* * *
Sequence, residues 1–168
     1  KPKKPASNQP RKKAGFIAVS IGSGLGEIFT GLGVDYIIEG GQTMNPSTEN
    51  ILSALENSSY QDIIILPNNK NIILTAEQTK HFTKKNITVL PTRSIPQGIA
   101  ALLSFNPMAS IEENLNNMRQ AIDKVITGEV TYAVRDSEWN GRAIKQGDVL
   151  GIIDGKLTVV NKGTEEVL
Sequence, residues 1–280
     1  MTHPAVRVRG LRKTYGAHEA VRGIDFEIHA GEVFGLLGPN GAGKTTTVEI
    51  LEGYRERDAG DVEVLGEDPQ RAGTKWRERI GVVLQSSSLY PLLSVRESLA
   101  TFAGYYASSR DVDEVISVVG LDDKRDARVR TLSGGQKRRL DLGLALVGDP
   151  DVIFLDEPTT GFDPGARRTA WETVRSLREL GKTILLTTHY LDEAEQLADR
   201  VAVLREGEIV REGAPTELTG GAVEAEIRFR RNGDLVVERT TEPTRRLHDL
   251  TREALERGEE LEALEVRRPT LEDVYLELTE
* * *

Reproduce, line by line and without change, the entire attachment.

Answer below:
Sequence, residues 1–168
     1  KPKKPASNQP RKKAGFIAVS IGSGLGEIFT GLGVDYIIEG GQTMNPSTEN
    51  ILSALENSSY QDIIILPNNK NIILTAEQTK HFTKKNITVL PTRSIPQGIA
   101  ALLSFNPMAS IEENLNNMRQ AIDKVITGEV TYAVRDSEWN GRAIKQGDVL
   151  GIIDGKLTVV NKGTEEVL
Sequence, residues 1–280
     1  MTHPAVRVRG LRKTYGAHEA VRGIDFEIHA GEVFGLLGPN GAGKTTTVEI
    51  LEGYRERDAG DVEVLGEDPQ RAGTKWRERI GVVLQSSSLY PLLSVRESLA
   101  TFAGYYASSR DVDEVISVVG LDDKRDARVR TLSGGQKRRL DLGLALVGDP
   151  DVIFLDEPTT GFDPGARRTA WETVRSLREL GKTILLTTHY LDEAEQLADR
   201  VAVLREGEIV REGAPTELTG GAVEAEIRFR RNGDLVVERT TEPTRRLHDL
   251  TREALERGEE LEALEVRRPT LEDVYLELTE